But the first three or four callers out of the blocks all thought Prosser had a point and came up with the same sort of ignorant generalisations. All male Muslims marry 10-year-old girls. They all wish the West harm. They stone women to death. They. They.

Source – IBID

As if all 1.6 billion people have exactly the same beliefs, values and attitudes.

It was incredible. I had no idea people really thought like that – yet they walk among us.”

Really, Kerre?

I’m somewhat surprised that she has only just discovered the feral nature of so many talkback callers?! The fact that anonymity protects these callers only emboldens their unsophisticated, bigoted worldview.

Once upon a time, bigots would express their rants only in smoke-filled tearooms up and down the country’s factories or the old-style booze-barns, where alcohol disconnected their last remaining brain-cells, whilst at the same time lubricating their tongues into uncontrolled warp-drive.

Not any more. Since commercial radio hit our shores, bigots have been provided with a ready-made podium that reaches across the country, and in their mad rantings, validate each others’ crazy beliefs. Much like Fox has it’s own viewers in the US.

So it kind of staggers me that she’s only just realised this? Extraordinary.

One can only assume that Kerre mentally ‘zoned out’ (as I do when ads are on television) during her caller’s rants, and only returns her attention when they stop to draw breath. Or their caregivers are urging them to take their meds.

Worse still, even some radio hosts contribute to this swirling sewer of prejudice. I think we all know who I’m referring to.

Regarding Prosser. He’s a distraction.

And I really can’t be arsed writing any more about him any further.

Radio NZ – How helpful is the NBR really trying to be?

The National Business Review (NBR) published a piece on alternative funding, written by Peter Griffin on our last remaining non-commercial public broadcaster, Radio NZ (see: The NPR model and what may be in store for Radio NZ).

Martyn Bradbury has dissected and deconstructed most of the Griffin’s op-ed here: Why the NBR are wrong about Radio NZ.

Essentially, Peter Griffin’s piece boils down to shifting funding from the State, to private donations – a form of quasi-privatisation. It is typical neo-liberal, Libertarian bullshit to further “remove the State from our lives”. (Ignoring the fact that many/most of us actualy like having the State providing certain services.)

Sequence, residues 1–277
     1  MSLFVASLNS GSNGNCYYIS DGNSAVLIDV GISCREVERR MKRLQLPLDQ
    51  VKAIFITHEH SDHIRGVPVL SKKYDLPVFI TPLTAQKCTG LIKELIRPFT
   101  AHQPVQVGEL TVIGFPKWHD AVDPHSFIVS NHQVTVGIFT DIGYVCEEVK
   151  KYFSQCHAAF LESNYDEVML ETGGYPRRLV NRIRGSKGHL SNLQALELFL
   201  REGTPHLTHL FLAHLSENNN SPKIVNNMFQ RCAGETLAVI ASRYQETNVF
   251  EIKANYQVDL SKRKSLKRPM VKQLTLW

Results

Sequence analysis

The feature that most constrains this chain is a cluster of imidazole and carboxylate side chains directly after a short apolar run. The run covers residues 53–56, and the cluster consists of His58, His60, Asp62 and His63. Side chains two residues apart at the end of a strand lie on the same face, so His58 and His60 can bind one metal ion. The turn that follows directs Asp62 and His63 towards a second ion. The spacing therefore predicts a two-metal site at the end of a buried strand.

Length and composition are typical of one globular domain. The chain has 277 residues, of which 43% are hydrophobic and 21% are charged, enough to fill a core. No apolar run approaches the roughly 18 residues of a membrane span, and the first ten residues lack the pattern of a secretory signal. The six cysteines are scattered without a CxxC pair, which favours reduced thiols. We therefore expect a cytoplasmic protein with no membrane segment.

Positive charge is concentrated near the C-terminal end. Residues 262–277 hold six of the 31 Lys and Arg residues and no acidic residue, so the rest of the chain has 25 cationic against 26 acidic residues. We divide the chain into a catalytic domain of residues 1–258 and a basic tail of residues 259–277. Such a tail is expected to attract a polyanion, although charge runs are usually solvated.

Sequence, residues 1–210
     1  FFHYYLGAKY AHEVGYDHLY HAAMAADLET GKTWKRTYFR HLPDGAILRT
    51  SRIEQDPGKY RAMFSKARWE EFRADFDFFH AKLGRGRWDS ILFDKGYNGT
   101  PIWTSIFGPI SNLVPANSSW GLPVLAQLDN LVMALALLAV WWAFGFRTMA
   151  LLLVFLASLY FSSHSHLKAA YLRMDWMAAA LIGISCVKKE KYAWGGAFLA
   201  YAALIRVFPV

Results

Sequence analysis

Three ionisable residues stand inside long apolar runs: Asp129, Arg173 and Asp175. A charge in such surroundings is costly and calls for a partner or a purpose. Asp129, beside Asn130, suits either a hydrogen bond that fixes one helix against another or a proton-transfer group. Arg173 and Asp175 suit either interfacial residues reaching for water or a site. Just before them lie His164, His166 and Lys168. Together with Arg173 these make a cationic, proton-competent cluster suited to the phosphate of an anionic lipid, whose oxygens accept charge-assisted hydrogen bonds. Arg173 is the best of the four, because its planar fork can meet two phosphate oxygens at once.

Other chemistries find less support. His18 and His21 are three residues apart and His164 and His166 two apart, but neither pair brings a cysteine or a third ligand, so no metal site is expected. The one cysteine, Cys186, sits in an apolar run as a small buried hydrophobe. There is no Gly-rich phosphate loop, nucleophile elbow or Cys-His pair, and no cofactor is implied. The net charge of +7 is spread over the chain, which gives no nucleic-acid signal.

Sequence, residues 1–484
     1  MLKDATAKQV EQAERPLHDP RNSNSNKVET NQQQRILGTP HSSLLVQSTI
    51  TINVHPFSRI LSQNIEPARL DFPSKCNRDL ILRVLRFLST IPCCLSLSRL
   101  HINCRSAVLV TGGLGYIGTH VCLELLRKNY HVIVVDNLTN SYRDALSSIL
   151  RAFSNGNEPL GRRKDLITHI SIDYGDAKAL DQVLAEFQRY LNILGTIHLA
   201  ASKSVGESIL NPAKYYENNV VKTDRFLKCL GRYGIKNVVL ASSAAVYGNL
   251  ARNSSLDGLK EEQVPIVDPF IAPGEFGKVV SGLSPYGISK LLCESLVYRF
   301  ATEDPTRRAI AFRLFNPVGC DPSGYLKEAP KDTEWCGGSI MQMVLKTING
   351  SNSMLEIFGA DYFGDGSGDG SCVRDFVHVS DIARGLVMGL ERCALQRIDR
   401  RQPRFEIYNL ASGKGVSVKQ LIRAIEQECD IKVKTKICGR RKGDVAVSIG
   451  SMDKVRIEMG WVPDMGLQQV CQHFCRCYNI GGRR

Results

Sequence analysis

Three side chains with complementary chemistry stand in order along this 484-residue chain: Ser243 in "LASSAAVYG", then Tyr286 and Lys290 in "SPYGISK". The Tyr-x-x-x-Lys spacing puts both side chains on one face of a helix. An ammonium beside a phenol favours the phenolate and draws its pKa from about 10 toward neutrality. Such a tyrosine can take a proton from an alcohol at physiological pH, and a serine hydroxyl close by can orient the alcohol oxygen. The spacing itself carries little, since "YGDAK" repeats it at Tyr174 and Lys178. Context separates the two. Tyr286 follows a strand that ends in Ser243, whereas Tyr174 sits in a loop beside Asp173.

It also means further reductions in government spending, thereby allowing for more tax-cuts.

That’s what it usually always boils down to; tax cuts. More money for the One Percenters, and for Middle Class aspirationists (aka, The Terminally Deluded).

It’s a money thing for people like Griffin and other Friedmanite Fellow-travellers.

It’s hardly ever a value thing.

Oscar Wilde once said, “What is a cynic? A man who knows the price of everything and the value of nothing.” That observation describes neo-liberals to perfection.

The NBR article reports that Radio NZ has an annual budget of $31,816,000. Which, by the way, has not changed since 2009.

That’s $7.24 (approx) for every man, woman, and child in this country. Per year. Or 14 cents a week, per person.

Well, bugger me. 14 cents a week, per each New Zealander?!

It occurs to me that for 14 cents a week, we’re getting a pretty damned good service for our money.

Could I really, really, really be radical, and suggest… pauses… that we raise it to… pauses 20 cents a week?!

Jeez, most of us probably have that stuck down the backs of our sofas!

If 14 cents a week is what troubles Mr Griffin, then I seriously question his priorities. In fact, if I sent Mr Griffin a cheque, for 14 cents, every week, I doubt he’d take the time and effort to go down to the bank and deposit them into his account. But who knows – maybe he needs the cash? Especially since he’s currently on some junket study in the “US on a Fulbright-Harkness Fellowship to study innovation in media”.

I suspect “innovation in media” is a crude code for further commercialisation and lessensing of state involvement in media matters.

What is deeply troubling is that National has a not-so-secret agenda to commercialise Radio NZ.